‘I think a museum is a bad place to look at art.’ This saying was quoted from Banksy’s interview with The Guardian in 2015. However, the Street Art Legend from Bristol City went back on his word recently. The Modern Contemporary Museum Amsterdam, also known as Moco, is holding Banksy’s ‘Laugh Now’ exhibition. For the first time in history, there is a Banksy exhibition in a museum. The exhibition contains around 50 original works, including all his famous works like Laugh Now, Barcode, Girl with Balloon and many more.
Graffiti is an inner conversation within artists themselves as well as communication between artists and passers-by. Banksy is well known for his outdoor art. With the characteristic stencil techniques combined with dark humour, Banksy has created various street artworks on publicly visible surfaces to express his political and social commentary. Not everyone knows that Banksy also makes art for indoors. Original and unique works on canvas, wood and paper with different styles reflect the British artists’ philosophy of sarcasm on capitalism and commodity society.
Most people are impressed by Banksy’s remarkable talent, but some will also question the legality of the graffiti
Banksy has always stood by his principle not to use his own artwork for commercial purposes, but art auctioneers have been known to sell the street art on location and leave the problem of removal in the hands of the winning bidders. Since Banksy created his first artwork, he has been the most controversial artist in the world. Most people are impressed by Banksy’s remarkable talent, but some will also question the legality of the graffiti.
Graffiti exists as a paradoxical phenomenon, as both aesthetic practice and criminal activity. Street artists often vigorously assert the cultural merit of street art. Detractors will stand for its removal from urban streetscapes to recover the tidy appearance of a city, as well as they would stand for prosecution of the graffiti workers. According to the definition, anyone whose behavior is regarded as ‘different’, or outside the norm, could be labelled as anti-social. However, the subjectivity and context specificity of anti-social behavior -ASB- means some behaviors will be unacceptable in one situation, but accepted, or even worshipped in another context. Banksy’s art work is interesting because he is also trying to show the subjectivity of that definition.
When Banksy’s work appeared on a building owned by the Bristol City Council in 2006, the council saw the graffiti as an act of vandalism to private property. Therefore, they tended to get support from the public to remove it. However, some of the artworks were becoming more accepted as an individual urban ‘art’ form and a brilliant way of self expression in the city. Moreover, people were very confident in the tourist potential of the graffiti. The public argued the difference between Banksy’s works and tag graffiti, and they voted to keep all the works by their local artist. It turned out that rather than calling Banksy an anti-social criminal, we should view him as an anti-social cynic. His graffito demonstrated popular acceptance, and so he became a star in his hometown, and not much later: the United Kingdom’s favorite artist.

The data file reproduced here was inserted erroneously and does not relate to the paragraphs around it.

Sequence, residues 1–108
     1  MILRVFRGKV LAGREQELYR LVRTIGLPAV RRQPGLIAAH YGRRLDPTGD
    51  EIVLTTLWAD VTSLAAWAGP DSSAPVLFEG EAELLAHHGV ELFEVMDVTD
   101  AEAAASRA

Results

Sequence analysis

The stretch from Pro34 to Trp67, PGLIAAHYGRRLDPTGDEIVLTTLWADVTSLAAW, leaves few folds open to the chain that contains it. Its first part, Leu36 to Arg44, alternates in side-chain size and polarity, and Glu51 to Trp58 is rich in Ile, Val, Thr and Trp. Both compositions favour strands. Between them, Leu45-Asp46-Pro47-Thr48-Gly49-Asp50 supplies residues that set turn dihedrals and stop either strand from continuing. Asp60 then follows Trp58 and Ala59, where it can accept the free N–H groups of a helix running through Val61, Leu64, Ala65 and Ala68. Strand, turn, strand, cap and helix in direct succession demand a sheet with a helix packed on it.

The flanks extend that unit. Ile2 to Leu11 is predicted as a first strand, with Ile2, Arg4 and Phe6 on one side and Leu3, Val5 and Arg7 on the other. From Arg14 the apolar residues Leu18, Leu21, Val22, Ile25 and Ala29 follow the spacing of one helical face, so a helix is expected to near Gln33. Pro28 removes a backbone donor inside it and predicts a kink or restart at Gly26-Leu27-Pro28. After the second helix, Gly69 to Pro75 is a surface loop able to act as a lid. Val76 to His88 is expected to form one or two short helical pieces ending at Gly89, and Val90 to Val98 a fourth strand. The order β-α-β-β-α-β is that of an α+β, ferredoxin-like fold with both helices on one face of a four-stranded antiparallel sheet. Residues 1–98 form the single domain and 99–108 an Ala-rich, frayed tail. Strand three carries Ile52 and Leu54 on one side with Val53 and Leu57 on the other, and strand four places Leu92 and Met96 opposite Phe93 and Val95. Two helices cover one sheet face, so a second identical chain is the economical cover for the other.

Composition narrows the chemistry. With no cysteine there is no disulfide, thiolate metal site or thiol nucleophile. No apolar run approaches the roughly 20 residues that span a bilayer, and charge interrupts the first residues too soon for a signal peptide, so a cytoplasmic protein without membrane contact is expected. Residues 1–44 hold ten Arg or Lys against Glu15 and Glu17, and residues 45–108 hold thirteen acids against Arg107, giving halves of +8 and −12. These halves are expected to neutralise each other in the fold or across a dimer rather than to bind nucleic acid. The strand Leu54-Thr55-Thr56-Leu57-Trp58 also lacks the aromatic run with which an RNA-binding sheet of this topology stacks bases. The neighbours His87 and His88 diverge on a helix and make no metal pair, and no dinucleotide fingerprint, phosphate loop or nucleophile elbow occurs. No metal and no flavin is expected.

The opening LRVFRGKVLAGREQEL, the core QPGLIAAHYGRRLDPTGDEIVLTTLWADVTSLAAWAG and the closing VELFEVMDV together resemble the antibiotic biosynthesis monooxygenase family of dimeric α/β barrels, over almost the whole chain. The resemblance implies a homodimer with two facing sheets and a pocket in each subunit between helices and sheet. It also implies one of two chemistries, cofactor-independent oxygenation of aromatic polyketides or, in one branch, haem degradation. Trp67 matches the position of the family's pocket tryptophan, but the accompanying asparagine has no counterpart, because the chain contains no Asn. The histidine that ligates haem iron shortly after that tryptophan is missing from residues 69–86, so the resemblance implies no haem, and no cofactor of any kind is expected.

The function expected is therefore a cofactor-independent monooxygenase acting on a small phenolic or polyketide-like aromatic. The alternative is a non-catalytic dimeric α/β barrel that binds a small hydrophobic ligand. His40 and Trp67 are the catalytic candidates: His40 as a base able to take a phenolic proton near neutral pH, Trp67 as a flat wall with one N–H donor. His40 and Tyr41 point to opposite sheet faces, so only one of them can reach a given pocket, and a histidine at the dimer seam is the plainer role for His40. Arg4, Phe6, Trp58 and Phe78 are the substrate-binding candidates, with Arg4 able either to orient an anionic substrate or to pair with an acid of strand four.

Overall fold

Creative Art Genius
Why can Banksy’s art be accepted worldwide? Perhaps Banksy himself has given the right answer: ‘Modern street art is the product of a generation tired of growing up with a relentless barrage of logos and images being thrown at their head every day, and much of it is an attempt to pick up these visual rocks and throw them back.’ As a way of personal expression, the core spirit of graffiti is a challenge to be free. Younger generations are trying to seek various channels to express their ideas. Influenced by subcultural forms, like rock ‘n roll music, the youth has developed distinctive world views for their own. For this reason younger generations find it easy to empathize with Banksy regarding his opinions on political issues and mainstream culture.
Critics commented on the fact that Banksy’s Girl with Balloon-image was voted Britain’s best-loved work of art: ‘The average intellect and feeling of the majority of the public gives them zero competence to distinguish what is really excellent’, were the exact words Jonathan Jones wrote on civil art critics for the Guardian. From his and likeminded people’s perspectives, Banksy’s art can’t be called real art due to its oversimplification of human emotions. They say that Banksy’s works are very direct and easy to get the meaning of.
Art doesn’t necessarily have to be ambiguous and difficult, especially for the generation living in the information age
Nevertheless, this can’t be the reason why his graffiti lacks the spirit of art. Art doesn’t necessarily have to be ambiguous and difficult, especially for the generation living in the information age. We don’t have time to understand the complex philosophy and abstract meaning from the paintings created during the Renaissance period because we must handle massive information flows everyday. Meanwhile, the clarity of the images and their messages serves as a rebellion against the modern society. In that way the street artists precisely cater to our -the younger generation’s- requirements for art.
Originated from simple names on walls and subways, the graffiti has grown into a branch of modern art with unique aesthetics. There will be more and more inspiring works from Banksy and other graffiti artists, while simultaneously arguments on this form of art will always exist. For our generation, the art and its simplicity is a reflection of modern-day society. So we will follow the spirit of this exhibition: Laugh Now, and just enjoy the artworks.
Photography: Cris Ling / Final editor: Iris Ausems